CLOSER TO HOME
The man known as Mr. Showmanship pulled out all the stops in his stunning abodes
Take a peek inside Liberace’s luxurious vintage homes in Las Vegas, Malibu and more.
Most people leave home to go on vacation. I do just the opposite,” Liberace once said. “For a holiday, there’s no place like home, especially since I have homes in some very interesting and exciting places!”
Indeed, many of the flamboyant residences that master pianist
Wladziu Valentino “Lee” Liberace owned would be considered resorts or fivestar hotel suites by most people — he had 11 over the years, and owned six when he passed away in 1987 at age 67. “Depending on the season, the weather, or even my mood,” he boasted, “I can have vacations at home that are comparable to a season in Monte Carlo (my Las Vegas place), a Caribbean cruise (in Malibu), a Hawaiian holiday (Palm Springs), [and] Saint Moritz in Switzerland (Lake Tahoe),” plus lavish penthouse apartments in LA and NYC.
What inspired Lee’s lust for land? None other than sex goddess Mae West, who, during a lunch in the ’50s, told him about a property she’d sold for millions. “That’s when he saw gold in real estate,” his longtime publicist Jamie James revealed.
And he added gold, silver and other fine decor and antiques to all of his homes, in a style that could be fairly described as over-the-top. He bathed in a $55,000 marble bathtub with a chandelier, gold-plated faucets and a portrait of himself on the ceiling in his Las Vegas home (recreated in the 2013 HBO biopic Behind the Candelabra, the title
for which references the piano-top fixture that was his trademark).
Befitting a man who made millions tickling the ivories, his homes were filled with all manner of pianos. The Sherman Oaks, Calif., house he shared with his beloved mother in the mid’-50s had a piano-shaped pool and bed, plus a collection of miniature pianos (including one from his initially skeptical father that he prized above all others). His Malibu condo, where he hosted pals like Shirley MacLaine, featured a piano-shaped bar, piano-shaped couch and a baby grand in black.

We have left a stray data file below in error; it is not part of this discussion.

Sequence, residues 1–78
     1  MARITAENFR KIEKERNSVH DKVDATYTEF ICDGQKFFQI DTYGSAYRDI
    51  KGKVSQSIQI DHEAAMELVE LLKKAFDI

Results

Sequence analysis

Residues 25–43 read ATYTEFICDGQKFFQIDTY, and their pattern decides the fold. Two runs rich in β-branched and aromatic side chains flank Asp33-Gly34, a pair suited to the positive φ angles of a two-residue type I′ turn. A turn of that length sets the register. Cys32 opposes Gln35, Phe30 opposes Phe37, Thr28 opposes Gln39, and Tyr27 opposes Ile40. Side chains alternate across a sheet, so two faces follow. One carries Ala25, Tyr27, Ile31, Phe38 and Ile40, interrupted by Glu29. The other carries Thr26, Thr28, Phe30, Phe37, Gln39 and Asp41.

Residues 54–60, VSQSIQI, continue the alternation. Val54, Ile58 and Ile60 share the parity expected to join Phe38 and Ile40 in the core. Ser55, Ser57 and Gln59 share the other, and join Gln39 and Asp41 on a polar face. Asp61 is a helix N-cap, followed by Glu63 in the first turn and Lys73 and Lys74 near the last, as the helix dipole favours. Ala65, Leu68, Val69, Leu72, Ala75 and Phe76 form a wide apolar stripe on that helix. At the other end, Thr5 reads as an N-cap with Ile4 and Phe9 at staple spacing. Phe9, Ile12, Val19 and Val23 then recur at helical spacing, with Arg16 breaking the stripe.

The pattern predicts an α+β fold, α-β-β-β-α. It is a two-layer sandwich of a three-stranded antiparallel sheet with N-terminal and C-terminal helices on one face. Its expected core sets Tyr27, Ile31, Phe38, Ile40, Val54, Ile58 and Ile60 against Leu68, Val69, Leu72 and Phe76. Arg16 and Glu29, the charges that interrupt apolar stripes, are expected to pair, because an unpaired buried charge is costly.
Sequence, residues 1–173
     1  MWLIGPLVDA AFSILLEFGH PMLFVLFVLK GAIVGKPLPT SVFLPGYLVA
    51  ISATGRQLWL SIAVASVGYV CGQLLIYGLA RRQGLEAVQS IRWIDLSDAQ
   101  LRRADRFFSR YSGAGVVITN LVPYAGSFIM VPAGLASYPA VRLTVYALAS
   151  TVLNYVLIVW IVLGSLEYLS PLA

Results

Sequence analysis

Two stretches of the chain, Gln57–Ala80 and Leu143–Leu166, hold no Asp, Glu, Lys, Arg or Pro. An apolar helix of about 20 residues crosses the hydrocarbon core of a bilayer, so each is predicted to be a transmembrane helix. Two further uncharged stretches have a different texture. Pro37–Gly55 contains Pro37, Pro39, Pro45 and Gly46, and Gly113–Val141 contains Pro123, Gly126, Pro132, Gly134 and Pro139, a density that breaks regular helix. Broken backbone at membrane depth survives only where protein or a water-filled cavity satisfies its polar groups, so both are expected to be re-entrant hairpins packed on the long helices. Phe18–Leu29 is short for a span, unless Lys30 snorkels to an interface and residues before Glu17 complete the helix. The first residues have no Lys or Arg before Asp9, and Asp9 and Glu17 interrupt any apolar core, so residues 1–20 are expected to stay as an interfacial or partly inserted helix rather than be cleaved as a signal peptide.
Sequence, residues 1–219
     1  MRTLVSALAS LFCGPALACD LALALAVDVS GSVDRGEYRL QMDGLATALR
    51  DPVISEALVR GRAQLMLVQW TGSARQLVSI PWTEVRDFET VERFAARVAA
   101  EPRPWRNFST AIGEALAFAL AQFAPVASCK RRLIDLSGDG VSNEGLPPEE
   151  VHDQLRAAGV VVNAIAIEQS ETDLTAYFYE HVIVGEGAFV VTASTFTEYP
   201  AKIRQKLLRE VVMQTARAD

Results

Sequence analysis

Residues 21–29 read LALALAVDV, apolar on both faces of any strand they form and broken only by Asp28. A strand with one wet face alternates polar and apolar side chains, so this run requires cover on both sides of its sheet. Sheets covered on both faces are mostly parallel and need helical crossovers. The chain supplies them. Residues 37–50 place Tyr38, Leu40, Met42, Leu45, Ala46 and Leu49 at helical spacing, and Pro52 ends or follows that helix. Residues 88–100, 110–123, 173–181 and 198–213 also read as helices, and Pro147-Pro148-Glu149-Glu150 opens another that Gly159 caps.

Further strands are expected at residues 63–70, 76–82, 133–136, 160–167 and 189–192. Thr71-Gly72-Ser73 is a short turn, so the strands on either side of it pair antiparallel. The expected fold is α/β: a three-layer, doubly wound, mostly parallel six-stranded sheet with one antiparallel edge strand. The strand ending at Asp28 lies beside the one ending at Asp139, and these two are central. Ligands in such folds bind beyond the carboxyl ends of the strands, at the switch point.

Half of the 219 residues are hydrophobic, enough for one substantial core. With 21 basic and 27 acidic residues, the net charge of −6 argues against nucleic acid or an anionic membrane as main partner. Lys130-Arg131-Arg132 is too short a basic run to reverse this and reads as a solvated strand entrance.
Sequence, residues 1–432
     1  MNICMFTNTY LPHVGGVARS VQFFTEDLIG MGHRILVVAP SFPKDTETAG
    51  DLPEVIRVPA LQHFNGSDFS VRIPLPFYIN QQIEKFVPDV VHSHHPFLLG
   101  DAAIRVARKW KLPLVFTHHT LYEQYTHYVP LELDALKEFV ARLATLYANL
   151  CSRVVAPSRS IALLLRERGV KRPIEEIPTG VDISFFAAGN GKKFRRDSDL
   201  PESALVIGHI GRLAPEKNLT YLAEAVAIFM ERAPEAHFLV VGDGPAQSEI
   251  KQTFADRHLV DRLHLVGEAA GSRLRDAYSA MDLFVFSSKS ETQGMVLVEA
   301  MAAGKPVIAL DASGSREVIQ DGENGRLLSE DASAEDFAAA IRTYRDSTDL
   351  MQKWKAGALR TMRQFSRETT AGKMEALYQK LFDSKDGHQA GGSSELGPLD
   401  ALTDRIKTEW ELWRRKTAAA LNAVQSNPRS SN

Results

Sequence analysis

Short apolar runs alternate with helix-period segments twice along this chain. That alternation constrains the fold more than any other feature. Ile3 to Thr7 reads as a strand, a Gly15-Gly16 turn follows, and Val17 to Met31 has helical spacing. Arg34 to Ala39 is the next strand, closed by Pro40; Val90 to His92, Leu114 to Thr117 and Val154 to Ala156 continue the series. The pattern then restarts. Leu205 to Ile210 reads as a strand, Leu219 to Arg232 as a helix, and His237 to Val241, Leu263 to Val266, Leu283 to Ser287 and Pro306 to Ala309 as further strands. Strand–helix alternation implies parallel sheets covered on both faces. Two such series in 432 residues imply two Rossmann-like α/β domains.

Several of Liberace’s homes had nicknames, including his three-story, 28-room Hollywood Hills mansion. “My family calls it ‘the palace,’ ” he said, and they weren’t kidding. “The chandelier is
“It may seem like wild extravagance, but when I fall in love with a locale, I want to put down roots and live
18-karat gold and Baccarat crystal,” he said. “The piano [here] was once owned by Chopin.” But his slightly more lowkey Palm Springs house — a Spanish Colonial he called “The Cloisters” and “Casa de Liberace” — was his favorite.
Where did Liberace (who admitted to being a “compulsive shopper”) find his opulent decor? A good deal of it came from garage sales and flea markets. “I love to go to them,” he confessed. “No matter how much money they have, everybody loves a bargain. That includes Jackie Onassis and Liberace.”
He may have paid big bucks for his homes, but he strove to spend smartly. “I’ve never lost money in real estate,” Lee insisted just a year before he died. “Even if I had, when I think of the special holidays each of these homes has afforded me, it would be worth it.”
Liberace’s love of mirrors and ornate pianos
was on full display at his Hollywood Hills
home in 1961.
In his Malibu pad, Lee’s fine antiques and fancy knickknacks reflected his rosy outlook.
Can you spot the topiary candelabra outside Lee’s Palm Springs, Calif., mansion?
▶Liberace in 1961, photographed under one of his beloved chandeliers in the living room of his Hollywood Hills home, which he decorated himself in white and gold. At far right is his pipe organ.
Lee in 1973, seated at his LA home’s custommade bar
The piano pool at the Sherman Oaks home he had in the mid-’50s is surrounded by a “musical fence” displaying 16 bars of his original song “Rhapsody by Candlelight.”
Liberace, walking down from the stone balcony outside his Hollywood Hills home in 1961, always knew how to make a grand entrance.
◀“Believe it or not, this is where I dream up most of my piano arrangements,” he joked of the keyboard bed in his Sherman Oaks home in 1956.